In Acts 1:8 Jesus tells us that the purpose of the power imparted in the Holy Spirit baptism is to empower us to be His witnesses to the world. A stellar example of this was the late, Spirit-filled German evangelist Reinhard Bonnke. Ministering mostly in Africa, brother Bonnke in his lifetime of crusades had over 78 million Decision cards returned by those accepting the Lord’s salvation. 78 million! He summarized his ministry in these simple words: “I preach Jesus Christ in the power of the Holy Spirit.” That’s exactly what Jesus said! He told His disciples in the entire Church Age that by the baptism with the Holy Spirit we will receive the needed power to effectively be His witnesses to a world of lost souls. Now let’s see how the early Church got this Holy Ghost power, because that’s the same way we’ll receive it today.
Recall again Jesus promise in Acts 1:4-8 that we read above. He said, “In a few days you will be baptized with the Holy Spirit…  You will receive power when the Holy Spirit comes on you; and you will be my witnesses in Jerusalem, and in all Judea and Samaria, and to the ends of the earth.”
In Acts 1 Jesus called this experience being baptized with the Holy Spirit. In Acts 2 they received what Jesus promised, and the words used to describe this Spirit baptism were: “All of them were filled with the Holy Spirit.” The expressions baptized with and filled with the Spirit are identical. They are just two ways of describing that one Pentecostal experience. And from Acts 2 on to this day, the Church has used the term Pentecost(al) to describe that mighty outpouring of the Spirit that first occurred in Acts 2 on “the day of Pentecost.”
Notice carefully that the immediate evidence that they had been baptized with/filled with the Holy Spirit was that they spoke in tongues by the enablement of the Holy Spirit. This same evidence of tongues from the Spirit baptism occurred also in Acts 10:44-46 — “…the gift of the Holy Spirit had been poured out even on Gentiles. For they heard them speaking in tongues and praising God. Likewise in Acts 19:1-6 — “the Holy Spirit came on them, and they spoke in tongues and prophesied” (vs. 6).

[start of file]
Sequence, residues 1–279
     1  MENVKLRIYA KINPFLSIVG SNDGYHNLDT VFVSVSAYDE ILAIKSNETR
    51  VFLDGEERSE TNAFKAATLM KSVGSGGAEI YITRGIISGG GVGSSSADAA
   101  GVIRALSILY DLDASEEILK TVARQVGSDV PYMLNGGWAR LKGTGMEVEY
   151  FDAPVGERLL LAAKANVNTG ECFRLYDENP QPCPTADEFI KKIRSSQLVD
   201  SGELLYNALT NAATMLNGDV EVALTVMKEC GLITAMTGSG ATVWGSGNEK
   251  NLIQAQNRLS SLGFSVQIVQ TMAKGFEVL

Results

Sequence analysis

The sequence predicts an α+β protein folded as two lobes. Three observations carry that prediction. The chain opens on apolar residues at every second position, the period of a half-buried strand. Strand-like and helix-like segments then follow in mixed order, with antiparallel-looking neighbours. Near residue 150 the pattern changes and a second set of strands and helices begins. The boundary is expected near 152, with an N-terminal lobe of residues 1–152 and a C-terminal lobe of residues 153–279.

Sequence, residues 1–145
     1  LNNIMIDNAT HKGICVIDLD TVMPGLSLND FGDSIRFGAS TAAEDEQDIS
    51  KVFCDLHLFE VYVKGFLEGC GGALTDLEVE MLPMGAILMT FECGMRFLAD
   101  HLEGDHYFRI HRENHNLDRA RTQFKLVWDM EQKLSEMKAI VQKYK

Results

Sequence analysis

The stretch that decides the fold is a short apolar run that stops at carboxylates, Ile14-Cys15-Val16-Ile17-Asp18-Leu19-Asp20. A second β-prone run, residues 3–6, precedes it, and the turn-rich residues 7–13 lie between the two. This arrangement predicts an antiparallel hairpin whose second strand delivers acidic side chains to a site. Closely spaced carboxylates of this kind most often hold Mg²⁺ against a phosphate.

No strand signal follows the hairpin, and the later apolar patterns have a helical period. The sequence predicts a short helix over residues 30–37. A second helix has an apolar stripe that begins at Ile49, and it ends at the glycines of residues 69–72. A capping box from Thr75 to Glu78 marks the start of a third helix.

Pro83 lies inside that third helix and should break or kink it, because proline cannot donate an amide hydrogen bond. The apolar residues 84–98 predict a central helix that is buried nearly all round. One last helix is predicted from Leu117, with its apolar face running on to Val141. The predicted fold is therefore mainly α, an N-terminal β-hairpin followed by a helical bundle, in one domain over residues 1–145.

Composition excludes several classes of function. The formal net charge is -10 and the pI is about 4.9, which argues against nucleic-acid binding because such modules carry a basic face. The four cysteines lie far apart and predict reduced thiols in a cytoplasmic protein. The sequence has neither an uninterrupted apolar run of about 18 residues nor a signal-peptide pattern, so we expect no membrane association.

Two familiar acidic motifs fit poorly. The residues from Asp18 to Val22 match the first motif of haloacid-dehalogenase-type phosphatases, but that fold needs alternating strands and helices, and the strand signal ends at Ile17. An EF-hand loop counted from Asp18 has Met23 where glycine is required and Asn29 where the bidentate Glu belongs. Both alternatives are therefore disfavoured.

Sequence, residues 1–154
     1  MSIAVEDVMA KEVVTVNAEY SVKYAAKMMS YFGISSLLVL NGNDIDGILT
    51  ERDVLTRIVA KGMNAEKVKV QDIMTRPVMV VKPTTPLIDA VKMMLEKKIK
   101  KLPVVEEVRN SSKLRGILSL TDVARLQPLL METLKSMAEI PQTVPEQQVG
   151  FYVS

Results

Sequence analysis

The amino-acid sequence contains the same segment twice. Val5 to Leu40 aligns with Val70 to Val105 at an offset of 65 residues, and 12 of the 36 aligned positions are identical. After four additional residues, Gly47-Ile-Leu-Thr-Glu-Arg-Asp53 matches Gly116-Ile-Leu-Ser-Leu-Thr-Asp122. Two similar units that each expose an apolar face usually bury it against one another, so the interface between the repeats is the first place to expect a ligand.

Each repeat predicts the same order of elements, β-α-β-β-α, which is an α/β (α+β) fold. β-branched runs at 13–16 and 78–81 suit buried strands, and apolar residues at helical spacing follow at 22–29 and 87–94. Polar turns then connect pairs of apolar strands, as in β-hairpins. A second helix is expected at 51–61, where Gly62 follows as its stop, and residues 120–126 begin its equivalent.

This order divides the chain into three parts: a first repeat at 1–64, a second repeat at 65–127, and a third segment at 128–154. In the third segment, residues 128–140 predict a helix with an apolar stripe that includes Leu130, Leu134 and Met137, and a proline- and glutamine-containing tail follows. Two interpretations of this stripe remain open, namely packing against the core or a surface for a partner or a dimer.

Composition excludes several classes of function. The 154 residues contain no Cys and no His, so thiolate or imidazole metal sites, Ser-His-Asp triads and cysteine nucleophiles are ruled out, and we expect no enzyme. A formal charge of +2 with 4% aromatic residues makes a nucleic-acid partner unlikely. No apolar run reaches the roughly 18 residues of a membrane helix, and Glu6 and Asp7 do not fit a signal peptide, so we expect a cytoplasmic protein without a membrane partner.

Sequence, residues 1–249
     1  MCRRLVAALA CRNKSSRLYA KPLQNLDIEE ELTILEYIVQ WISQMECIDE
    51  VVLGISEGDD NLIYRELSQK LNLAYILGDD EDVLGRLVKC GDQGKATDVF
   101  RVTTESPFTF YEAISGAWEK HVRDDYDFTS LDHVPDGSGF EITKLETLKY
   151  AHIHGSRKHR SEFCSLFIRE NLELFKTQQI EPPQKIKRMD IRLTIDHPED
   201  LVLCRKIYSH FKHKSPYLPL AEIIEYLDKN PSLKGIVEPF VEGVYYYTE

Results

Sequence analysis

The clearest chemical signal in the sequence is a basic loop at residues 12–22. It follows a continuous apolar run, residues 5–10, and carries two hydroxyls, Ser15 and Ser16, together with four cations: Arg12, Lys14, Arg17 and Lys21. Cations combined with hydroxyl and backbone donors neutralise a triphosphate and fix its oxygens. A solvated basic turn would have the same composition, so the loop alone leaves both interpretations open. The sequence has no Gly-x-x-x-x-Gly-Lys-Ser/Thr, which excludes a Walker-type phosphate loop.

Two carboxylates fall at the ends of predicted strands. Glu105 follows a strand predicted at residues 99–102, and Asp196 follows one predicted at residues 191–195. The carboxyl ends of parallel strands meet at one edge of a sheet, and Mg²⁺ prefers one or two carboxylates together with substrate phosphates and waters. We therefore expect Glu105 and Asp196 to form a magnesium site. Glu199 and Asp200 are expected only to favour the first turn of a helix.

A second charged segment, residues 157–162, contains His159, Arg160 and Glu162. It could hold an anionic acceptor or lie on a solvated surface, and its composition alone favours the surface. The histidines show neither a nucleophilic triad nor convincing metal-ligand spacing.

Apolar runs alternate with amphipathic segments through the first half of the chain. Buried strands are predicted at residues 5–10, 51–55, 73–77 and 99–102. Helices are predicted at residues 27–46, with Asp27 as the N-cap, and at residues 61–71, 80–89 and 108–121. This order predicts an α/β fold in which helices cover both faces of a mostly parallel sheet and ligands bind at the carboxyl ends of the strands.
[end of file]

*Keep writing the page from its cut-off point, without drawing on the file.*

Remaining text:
The tongues were the evidence of the Holy Spirit baptism, and this should not be deemphasized. But the central purpose of that Pentecostal baptism of the Spirit was and still is to impart to believers the power to be Christ’s witnesses to the lost of this world.
It goes without saying that Jesus knew exactly what He was doing when He commanded his born-again, faithful followers not to go out yet, but to wait in Jerusalem for the heaven-sent power needed to be His witnesses. He then ascended back to heaven and shortly after, on the Day of Pentecost, He poured out the mighty baptism of the Spirit on His waiting believers. He was already their Passover — “Christ our Passover Lamb” — and He is that to us today too. But along with holding onto all that Passover means in a believer’s life, they were commanded by Jesus to move ahead also to embrace their own personal Pentecost, the baptism with the Holy Spirit.
Yes, the disciples bore some fruit in their ministries under Jesus’ watchful eyes before the cross. We do not in any way discount that. But we recall that Jesus’ entire astounding and powerful public ministry was done after His anointing by the Holy Spirit — “…how God anointed Jesus of Nazareth with the Holy Spirit and power, and how he went around doing good and healing all who were under the power of the devil…” (Acts 10:38). This Holy Spirit anointing upon Jesus is mentioned in John 1:32f when Jesus was about age 30. Shortly after that Holy Spirit anointing, in John 2:1-11 we see Jesus doing His first recorded miracle at the wedding feast in Cana — “This beginning of miracles did Jesus in Cana of Galilee, and manifested forth his glory…” (John 2:11, KJV).
After Jesus’ disciples received the mighty anointing of the Holy Spirit on Pentecost in Acts 2:1-4, we see dynamic ministry and great fruit borne by them unto the Lord. In their ministries in Acts we see the sick healed, the dead raised, demons cast out, and multitudes brought to salvation in Jesus Christ, sometimes thousands at a time, and occasionally even entire cities (for example, Acts 2:41; Acts 4:4; Acts 9:33-35).
In sum, don’t stop at Passover. Obey Jesus and continue on to Pentecost. Come to Jesus the Passover Lamb for salvation. Then come to Jesus the Baptizer with the Holy Spirit for the heaven-sent power to be His witnesses to a lost, hopeless world. Jesus Himself said that He had come down from heaven “to seek and to save the lost” (Luke 19:10). We who are saved (Passover) can press on into our personal Pentecost and receive His promised baptism with the Spirit and go forth divinely empowered as Christ’s ambassadors to a lost world needing His saving grace.
If God is touching your heart and you want to receive His power-imparting, ministry-enabling baptism with the Spirit right now, you can! My friend Dr. Berin Gilfillan, the founder and CEO of ISOM, the world’s largest video Bible school, has an excellent video — Being Filled with the Holy Spirit — that will encourage you and lead you into receiving this life-changing experience from the Lord. May it be so today for you, in Jesus’ name!
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©2021, James H. Feeney.
Pentecostal Sermons &